The youngsters are also competent in making power point presentations in English while their blogs have drawn comments and input from across the world. The success of this IT village in the jungle is expected to see a similar transformation of other villages with the help of Wanni and his dedicated band of IT experts.
English and IT are the only way forward as Mahawilachchiya has proved in its newest state of progression into BPO outfits to provide jobs. Without English, no country can progress in the globalised world while without IT we would be left behind as others in the region develop at a faster pace.
These are lessons from a small village for policymakers and the business community with the most important being — we need to be more productive than spending time on politics!
MAHAWILACHCHIYA, Anuradhapura – Business Processing Outsourcing (BPO) is a growing business globally which Sri Lanka has now cottoned onto quite capably.
Dozens of BPO’s are springing up here as global companies look for cost effective ways of handling their back-office operations in countries where labour and communications are cheaper than the west.
Yet ever heard of a BPO company in a jungle setting, next to a wild life park and subject to the occasional threat by the LTTE? OnTime Pvt Ltd is part of rural Sri Lanka’s first IT village, Horizon Lanka in the backwoods of Mahavilachchiya (adjoining Wilpattu) off Anuradhapura, where a group of youth processes data for a fee.
There is nothing different in the BPO industry in processing information inside the office of the client or the service provider located elsewhere. For example, staff at Mahavilachchiya’s proud company, OnTime, processing marketing data for a John Keells Group subsidiary daily could – if we close the curtains in this nice office surrounded by shady trees and occasional bird calls – very well be inside a JKH office in Colombo. There’s nothing different.
OnTime operators log into a JKH SAP accounting system through a secured link and enter data like prices and quality of suppliers. Some 150 documents are handled by one operator per day. Dialog Telekom and Singer are expected to join OnTime as its next clients with negotiations going on with the two parties.
“The BPO entry came as we needed to create job opportunities for our youngsters to remain in the village after their initial learning in English and IT,” said Nanda Wanninayaka (better known as ‘Wanni”), the village boy-English teacher-turned village entrepreneur.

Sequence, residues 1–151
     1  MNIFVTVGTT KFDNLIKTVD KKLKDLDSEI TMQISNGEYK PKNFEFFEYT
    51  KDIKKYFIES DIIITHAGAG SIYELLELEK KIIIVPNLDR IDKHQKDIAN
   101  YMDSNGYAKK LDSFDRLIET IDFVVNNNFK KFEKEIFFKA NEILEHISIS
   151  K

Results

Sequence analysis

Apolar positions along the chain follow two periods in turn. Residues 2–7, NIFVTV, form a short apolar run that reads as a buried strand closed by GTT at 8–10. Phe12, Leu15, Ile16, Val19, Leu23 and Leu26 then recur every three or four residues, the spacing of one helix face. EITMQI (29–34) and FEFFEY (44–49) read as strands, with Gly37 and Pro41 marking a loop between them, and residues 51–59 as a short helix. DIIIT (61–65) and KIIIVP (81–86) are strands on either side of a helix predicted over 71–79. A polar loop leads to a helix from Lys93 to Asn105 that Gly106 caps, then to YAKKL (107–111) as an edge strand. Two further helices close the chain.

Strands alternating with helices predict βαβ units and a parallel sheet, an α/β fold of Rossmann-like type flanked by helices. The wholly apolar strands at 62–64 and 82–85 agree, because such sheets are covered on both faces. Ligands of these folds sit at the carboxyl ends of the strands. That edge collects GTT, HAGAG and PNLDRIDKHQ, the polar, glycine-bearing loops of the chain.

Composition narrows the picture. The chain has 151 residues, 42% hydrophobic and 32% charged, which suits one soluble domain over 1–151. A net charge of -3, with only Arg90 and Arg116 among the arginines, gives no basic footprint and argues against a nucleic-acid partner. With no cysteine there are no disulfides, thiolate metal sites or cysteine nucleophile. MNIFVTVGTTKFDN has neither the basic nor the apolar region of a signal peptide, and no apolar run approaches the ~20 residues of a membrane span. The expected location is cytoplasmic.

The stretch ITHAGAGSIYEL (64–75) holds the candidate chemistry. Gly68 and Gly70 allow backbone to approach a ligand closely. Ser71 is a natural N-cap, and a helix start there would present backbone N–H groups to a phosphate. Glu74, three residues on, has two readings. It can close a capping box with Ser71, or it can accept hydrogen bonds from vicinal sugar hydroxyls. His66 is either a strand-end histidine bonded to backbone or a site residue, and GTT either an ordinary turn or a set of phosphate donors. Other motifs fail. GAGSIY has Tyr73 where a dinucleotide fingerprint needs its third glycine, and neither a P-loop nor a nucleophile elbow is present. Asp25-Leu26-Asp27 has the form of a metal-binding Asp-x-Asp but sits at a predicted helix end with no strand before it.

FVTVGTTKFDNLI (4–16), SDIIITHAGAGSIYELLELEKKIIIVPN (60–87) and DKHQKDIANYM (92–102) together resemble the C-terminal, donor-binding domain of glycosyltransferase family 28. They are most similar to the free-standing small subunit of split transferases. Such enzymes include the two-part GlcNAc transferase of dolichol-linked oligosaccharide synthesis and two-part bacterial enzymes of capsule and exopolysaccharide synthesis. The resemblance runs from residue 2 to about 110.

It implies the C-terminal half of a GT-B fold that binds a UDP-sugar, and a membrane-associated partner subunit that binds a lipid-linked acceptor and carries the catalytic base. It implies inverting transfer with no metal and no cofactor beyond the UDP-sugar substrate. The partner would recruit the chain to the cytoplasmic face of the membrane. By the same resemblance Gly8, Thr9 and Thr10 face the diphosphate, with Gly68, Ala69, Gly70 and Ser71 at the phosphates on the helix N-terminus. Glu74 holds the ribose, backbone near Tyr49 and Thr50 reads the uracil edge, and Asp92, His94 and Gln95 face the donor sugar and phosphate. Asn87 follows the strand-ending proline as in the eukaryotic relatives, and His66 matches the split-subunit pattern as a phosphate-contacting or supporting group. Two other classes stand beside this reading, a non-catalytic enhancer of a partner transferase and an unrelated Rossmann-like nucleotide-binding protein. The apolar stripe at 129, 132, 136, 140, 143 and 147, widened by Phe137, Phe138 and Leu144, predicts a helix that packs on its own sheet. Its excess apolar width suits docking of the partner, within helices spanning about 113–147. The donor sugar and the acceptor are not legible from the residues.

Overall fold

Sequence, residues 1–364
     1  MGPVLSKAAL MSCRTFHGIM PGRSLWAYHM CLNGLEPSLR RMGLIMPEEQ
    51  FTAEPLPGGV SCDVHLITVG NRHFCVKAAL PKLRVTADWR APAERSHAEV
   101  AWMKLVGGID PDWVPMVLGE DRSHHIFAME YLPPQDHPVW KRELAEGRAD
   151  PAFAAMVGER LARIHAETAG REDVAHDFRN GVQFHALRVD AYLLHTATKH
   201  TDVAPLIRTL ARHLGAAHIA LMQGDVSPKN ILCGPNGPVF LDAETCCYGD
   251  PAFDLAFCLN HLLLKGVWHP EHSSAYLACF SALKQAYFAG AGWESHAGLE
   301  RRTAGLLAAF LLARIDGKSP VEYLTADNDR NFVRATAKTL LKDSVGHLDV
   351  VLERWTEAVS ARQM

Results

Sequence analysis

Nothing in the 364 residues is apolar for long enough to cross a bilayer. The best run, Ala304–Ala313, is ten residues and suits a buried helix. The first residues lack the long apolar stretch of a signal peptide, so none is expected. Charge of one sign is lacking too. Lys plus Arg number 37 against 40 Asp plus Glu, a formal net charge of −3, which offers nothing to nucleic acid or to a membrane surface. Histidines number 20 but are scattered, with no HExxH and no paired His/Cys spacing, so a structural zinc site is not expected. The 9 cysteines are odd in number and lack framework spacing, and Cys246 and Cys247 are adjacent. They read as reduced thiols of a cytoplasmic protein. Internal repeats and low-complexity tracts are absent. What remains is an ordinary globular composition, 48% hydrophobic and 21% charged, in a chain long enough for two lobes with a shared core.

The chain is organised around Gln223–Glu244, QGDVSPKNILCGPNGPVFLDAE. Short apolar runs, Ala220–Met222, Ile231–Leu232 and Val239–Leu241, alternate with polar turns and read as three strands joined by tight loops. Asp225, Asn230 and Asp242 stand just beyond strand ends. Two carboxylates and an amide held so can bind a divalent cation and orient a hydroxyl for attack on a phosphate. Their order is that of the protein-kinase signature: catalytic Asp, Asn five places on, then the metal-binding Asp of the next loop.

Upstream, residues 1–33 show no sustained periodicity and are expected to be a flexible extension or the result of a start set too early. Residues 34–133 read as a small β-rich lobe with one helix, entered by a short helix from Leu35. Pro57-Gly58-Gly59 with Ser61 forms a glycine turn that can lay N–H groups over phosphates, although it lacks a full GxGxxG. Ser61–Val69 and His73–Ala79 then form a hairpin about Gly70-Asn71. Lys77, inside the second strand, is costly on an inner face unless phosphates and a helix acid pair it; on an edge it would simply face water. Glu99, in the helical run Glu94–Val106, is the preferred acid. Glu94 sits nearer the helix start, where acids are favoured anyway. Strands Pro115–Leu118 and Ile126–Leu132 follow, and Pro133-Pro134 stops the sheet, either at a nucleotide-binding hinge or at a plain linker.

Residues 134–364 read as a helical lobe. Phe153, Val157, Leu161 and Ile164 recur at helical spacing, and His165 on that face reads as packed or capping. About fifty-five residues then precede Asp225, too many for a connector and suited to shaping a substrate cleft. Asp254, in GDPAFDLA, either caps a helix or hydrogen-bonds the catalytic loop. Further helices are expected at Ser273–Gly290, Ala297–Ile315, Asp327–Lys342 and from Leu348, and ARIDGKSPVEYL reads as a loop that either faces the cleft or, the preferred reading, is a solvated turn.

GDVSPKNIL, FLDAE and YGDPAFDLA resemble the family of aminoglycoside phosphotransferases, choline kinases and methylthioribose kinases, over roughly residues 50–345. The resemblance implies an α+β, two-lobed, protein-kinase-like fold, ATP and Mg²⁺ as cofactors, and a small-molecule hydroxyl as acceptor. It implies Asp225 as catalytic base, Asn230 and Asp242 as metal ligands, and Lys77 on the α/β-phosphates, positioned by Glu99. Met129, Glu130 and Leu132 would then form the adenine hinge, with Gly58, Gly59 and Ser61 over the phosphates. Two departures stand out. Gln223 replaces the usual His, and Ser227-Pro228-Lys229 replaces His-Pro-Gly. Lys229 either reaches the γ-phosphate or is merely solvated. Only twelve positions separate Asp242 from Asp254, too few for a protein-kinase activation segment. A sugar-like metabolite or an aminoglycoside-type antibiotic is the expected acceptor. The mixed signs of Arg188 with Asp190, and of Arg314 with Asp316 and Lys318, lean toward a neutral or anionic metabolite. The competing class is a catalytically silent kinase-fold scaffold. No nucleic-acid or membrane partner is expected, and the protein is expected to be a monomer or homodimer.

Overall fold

Horizon Lanka, Sri Lanka’s first IT village, is a revelation itself. Launched by Wanni, as a Mahawilachchiya school teacher, in 1998, the initiative began as an English teaching exercise for the children whose parents were mostly rice farmers. From there with one computer donated by the US embassy, impressed by an English journal that the students did, the village has progressed to a centre of IT learning where one in every eight families has a computer (a ratio of 100 computers for 800 families).
Unheard of before but in these backwoods poor farmers are reading online newspapers in the comfort of their makeshift homes with uptodate computers with the help – unbelievable again – of seven wifi zones under a new technology called MESH. Here a section of the village amidst paddy fields and streams has wireless Internet access at all times.
Wanni and his Horizon Lanka exploits are legendary and profiled in newspapers and TV stations across the world. The IT village’s biggest opportunity probably came when Wanni and his best students shared the stage with Intel Chairman Dr. Craig Barrett in December 2005, during the latter’s visit to Sri Lanka and presence at a major IT conference.
The idea of setting up a BPO emerged as Wanni pondered on the next level of development. “Having taught English and then IT, the next issue was where do they get jobs? How can we retain them in the village?” he asked.
Enter the Foundation for Advancing Rural Opportunities in Sri Lanka (FAROLanka) to help Horizon set up its BPO and find its first client. FARO’s help however comes with some conditions – Wanni’s support and guidance to help other villages to develop on similar lines which the latter and his team are more than willing to do.
Isuru Senevirathna is OnTime’s Operations Director. He has received BPO training – along with another OnTime employee – in Laos and India sponsored by John Keells.
The 20-year old youth like any other Mahavilachchiya youngster would have had to either join the armed forces (in the case of girls it’s garment factories) or remain in the village as a farmer, until Wanni and his vision came along. Now Isuru is the proud owner of a motor cycle, happy and contended.
OnTime CEO is Nirosh Manjula Ranathunga, a 30 year-old graduate from Kelaniya University who studied IT while doing his B.Com degree. Ranathunga, who lives in Anuradhapura and visits Horizon twice a week saying he can handle operations from his home town easily through email/Internet, is also interested in transferring his skills and learning to other villages. He has his own company, Real Business Solutions, and runs a formerly-owned Horizon Lanka cyber café in Anuradhapura.
“I joined Horizon Lanka two years ago as a project manager and I’am very happy with this BPO initiative,” he said. Some 50 youths are being trained to take up BPO jobs in Mahavilachchiya which has a modern computer lab with 512 KBPS Internet connection. The Horizon Lanka website is www.horizonlanka.org